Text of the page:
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At Ease: Finding Family History on the Battlefields?

Searching For Stories

Why does Civil War preservation matter? One of our beliefs is that it is meaningful and powerful to stand where history happened. The hallowed ground of Central Virginia on the battlefields of Fredericksburg, Chancellorsville, The Wilderness, and Spotsylvania Court House is a perfect place to explore this idea. Some of us have ancestors who fought in the Civil War, and those survey answers and stories have helped to shape today's email and discussion. You'll hear from one of our board members and find a few tips for learning details about your Civil War ancestor. Don't forget to vote in the new survey to get ready for next week!


Survey Results

Check out the results of last week's survey. Thank you for sharing your answers. Out of the 18 answers, there were 11 "yes," 6 "no," and 1 "not sure." Many meaningful stories or accounts can be found in family stories, old letters, and fading diaries. And sometimes those stories can still be traced to exact locations on a battlfield.


Research Ideas

Hi, this is Sarah (staff at CVBT). I just wanted to reach out with a few research ideas if you're "looking for" Civil War ancestors or seeking to learn more about his or her experiences. Over the years, I have had the pleasure of chatting with several genealogy societies about this topic and we've brainstormed some ideas for helping military (or civilian) history come together with the family records.

  1. Look For Unit History - many Civil War regiments had official unit histories and these are a great way to look for more details about a soldier's experiences and piece together a general idea of the battles he may have fought in or places he may have marched or guarded.

  2. Look For Local History - reach out to historical societies or genealogy groups in the hometown of your ancestor. There just might be some wonderful Civil War history in the local archive that has not been digitized. (Oftentimes, I find the missing piece of my historical research puzzles when I "go local.")

  3. Study The Culture - it's always interesting when an understanding of Civil War military practices or typical 19th Century culture can start peeling away the secrets on the terse genealogy documents. Look for (or re-read) resources that detail typical soldier experiences that will provide a greater understanding of what an ancestor when through.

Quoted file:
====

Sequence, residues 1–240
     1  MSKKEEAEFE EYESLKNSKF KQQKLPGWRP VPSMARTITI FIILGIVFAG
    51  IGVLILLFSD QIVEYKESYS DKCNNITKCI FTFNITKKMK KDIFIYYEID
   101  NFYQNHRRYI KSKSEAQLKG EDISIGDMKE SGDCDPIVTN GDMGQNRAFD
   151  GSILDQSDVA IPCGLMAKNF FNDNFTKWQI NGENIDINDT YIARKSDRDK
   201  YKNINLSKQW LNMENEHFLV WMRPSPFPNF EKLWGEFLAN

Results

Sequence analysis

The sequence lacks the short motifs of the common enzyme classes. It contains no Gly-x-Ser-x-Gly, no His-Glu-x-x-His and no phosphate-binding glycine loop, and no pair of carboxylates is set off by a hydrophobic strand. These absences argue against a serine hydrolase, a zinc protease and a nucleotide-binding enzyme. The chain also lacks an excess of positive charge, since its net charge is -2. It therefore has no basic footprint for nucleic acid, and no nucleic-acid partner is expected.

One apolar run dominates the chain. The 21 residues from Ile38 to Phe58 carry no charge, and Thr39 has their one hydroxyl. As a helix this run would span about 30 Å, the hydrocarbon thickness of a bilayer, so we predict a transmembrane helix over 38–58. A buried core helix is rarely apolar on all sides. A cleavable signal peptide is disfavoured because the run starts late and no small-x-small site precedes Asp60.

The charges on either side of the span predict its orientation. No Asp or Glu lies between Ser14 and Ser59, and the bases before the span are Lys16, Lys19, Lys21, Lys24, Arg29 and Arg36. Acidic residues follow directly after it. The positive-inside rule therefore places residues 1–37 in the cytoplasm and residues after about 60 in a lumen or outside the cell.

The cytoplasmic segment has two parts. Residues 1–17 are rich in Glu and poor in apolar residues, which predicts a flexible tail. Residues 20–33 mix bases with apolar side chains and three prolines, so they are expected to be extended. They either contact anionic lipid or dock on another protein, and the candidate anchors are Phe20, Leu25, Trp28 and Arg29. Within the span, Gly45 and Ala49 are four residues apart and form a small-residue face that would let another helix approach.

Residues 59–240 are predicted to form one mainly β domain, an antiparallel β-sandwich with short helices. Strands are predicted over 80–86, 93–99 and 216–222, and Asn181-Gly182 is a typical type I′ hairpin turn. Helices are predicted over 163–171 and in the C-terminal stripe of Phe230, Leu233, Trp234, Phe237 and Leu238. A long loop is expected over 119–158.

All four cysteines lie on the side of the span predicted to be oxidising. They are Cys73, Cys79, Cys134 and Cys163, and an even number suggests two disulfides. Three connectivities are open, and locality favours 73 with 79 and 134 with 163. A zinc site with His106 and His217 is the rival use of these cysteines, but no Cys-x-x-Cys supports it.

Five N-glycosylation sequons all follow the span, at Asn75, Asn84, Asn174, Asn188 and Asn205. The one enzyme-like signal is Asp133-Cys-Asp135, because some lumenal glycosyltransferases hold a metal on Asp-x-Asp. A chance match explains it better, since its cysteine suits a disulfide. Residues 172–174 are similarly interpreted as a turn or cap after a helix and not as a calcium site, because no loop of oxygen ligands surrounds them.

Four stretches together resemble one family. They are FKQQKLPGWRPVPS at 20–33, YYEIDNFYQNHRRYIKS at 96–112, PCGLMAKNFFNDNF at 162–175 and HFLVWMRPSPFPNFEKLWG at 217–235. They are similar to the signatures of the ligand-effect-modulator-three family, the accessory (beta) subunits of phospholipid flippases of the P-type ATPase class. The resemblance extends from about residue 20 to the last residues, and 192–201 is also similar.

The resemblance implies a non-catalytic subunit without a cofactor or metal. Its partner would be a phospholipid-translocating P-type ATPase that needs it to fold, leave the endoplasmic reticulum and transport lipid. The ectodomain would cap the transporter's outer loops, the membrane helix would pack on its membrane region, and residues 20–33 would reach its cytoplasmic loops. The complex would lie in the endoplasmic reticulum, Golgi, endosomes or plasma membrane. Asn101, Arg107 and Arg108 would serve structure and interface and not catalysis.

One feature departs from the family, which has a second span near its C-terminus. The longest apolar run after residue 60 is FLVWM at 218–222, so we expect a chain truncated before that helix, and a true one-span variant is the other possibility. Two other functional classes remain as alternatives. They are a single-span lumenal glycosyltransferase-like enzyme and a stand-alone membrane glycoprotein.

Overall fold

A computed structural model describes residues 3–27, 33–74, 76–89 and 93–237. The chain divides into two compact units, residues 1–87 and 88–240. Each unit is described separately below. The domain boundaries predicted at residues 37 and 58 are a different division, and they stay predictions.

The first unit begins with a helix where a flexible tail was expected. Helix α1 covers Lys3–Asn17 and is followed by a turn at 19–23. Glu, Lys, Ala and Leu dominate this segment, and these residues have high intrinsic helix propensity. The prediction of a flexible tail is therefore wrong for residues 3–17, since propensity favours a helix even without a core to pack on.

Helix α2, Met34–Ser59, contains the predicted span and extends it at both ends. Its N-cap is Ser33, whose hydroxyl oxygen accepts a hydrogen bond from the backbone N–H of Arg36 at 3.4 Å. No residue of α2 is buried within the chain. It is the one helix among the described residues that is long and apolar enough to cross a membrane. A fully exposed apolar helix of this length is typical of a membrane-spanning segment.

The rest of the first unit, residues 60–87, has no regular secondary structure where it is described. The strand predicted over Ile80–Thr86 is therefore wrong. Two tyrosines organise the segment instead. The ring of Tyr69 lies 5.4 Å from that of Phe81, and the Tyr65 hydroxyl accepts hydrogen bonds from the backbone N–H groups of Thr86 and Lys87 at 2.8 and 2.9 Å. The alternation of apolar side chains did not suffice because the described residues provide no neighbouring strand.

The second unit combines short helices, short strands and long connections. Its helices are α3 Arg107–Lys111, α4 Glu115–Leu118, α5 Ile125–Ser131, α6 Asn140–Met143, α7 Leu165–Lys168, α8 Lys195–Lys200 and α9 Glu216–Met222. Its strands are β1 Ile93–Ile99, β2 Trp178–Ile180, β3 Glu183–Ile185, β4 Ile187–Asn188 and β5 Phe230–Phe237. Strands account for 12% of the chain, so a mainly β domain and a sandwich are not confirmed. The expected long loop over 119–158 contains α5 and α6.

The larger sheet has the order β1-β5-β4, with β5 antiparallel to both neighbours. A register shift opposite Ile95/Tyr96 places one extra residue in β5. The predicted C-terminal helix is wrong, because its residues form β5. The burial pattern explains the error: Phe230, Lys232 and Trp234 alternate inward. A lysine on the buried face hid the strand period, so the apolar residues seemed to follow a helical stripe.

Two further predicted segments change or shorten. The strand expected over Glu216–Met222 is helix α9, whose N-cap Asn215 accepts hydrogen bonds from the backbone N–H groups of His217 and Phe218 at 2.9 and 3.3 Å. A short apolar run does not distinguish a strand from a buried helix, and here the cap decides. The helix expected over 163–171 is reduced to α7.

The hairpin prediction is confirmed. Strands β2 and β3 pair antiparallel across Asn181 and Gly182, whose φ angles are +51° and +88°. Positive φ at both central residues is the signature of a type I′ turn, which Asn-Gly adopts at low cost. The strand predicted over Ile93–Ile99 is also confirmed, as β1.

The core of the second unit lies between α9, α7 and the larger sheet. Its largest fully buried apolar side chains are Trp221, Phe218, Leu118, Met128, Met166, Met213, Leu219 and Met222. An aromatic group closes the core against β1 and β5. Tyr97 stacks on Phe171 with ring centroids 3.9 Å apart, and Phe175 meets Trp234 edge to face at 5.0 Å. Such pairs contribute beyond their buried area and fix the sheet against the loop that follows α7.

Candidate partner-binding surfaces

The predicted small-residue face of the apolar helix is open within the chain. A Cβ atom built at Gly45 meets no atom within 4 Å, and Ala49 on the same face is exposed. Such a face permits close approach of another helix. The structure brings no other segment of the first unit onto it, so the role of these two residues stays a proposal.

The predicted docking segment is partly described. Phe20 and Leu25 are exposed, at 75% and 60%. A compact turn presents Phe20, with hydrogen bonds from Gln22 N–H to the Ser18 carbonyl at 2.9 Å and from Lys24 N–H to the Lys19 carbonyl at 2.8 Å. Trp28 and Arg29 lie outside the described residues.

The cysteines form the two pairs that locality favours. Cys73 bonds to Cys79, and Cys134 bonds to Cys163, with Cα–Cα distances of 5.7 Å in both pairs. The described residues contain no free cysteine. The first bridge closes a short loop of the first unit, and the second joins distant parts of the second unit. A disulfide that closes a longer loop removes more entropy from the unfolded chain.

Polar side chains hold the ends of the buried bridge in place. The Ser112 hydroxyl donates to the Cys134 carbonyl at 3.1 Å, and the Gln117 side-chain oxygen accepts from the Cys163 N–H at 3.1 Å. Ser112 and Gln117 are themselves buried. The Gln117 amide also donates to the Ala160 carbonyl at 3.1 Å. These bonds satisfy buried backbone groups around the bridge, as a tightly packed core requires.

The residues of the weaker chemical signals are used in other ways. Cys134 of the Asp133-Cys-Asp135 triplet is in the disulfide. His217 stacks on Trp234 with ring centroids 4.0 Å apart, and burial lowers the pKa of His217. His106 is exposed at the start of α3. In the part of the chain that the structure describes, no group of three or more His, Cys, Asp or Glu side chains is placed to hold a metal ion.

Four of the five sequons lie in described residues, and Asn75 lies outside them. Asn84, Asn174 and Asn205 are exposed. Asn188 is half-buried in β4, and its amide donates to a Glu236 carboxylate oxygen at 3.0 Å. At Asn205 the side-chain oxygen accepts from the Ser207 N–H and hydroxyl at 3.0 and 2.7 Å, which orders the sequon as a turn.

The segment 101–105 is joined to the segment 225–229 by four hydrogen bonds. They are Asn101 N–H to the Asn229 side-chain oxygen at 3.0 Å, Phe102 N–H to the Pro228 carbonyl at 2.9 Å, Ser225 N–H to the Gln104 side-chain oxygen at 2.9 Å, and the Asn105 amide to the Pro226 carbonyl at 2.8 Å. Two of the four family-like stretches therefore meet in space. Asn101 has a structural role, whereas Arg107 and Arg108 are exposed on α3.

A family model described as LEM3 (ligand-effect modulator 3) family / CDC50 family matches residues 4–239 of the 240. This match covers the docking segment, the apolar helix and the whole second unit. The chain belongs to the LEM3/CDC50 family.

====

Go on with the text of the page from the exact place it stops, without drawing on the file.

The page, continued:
4. Look For The Tiny Details/Artifacts - CVBT Board Member Paul Scott (see our new video below) has done some special research on weapons used by his Civil War ancestors. Sometimes it's a unit button, an artifact weapon, a pin, or a photograph—that little extra that offers a link or an illustration of something they had or used. And if you have a family heirloom...cherish it!

  5. Get To The Historic Site - maybe it's a graveyard, maybe it's a trench line on a battlefield or a historic home. Usually, there will be someplace that is identifiable and traceable in connection to an ancestor's life and story. As we remember that history is about real people, we gain a greater appreciation for preserving and protecting the places where "common people" made uncommon history.


CVBT's New Video: Stand Where They Stood

Paul Scott—CVBT Board Member—and life-long resident of Fredericksburg, Virginia, shares a little about his family history and passion for preservation in our new video. (click on the image to view the video)


Your Unit "Shout Outs"

In last week's survey, we left a text box and invited all participants to leave a shout-out to their ancestor's unit. Here's that list:

29th Alabama Infantry New Jersey Volunteers 1st New York Dragoons 5th Ohio Cavalry Battery H, 1st Ohio Artillery 12th Pennsylvania Reserves Infantry Regiment 49th Pennsylvania Volunteer Infantry 54th Pennsylvania Infantry 63rd Pennsylvania Infantry 88th Pennsylvania Infantry 93rd Pennsylvania Infantry 101st Pennsylvania Infantry 148th Pennsylvania Infantry 149th Pennsylvania Infantry 171st Pennsylvania Infantry 208th Pennsylvania Infantry 11th Tennessee Cavalry Rogers’ Battery 1st Rockbridge Artillery 4th Virginia Infantry 6th Virginia Cavalry 7th Virginia 8th Virginia Infantry 10th Virginia Heavy Artillery Battalion 30th Virginia Infantry 41st Virginia 43rd Battalion, Virginia Cavalry (Mosby’s Rangers) 56th Virginia Infantry



Central Virginia Battlefields Trust's mission is to preserve, protect, and educate about Civil War hallowed ground at Fredericksburg, Chancellorsville, The Wilderness, and Spotsylvania.

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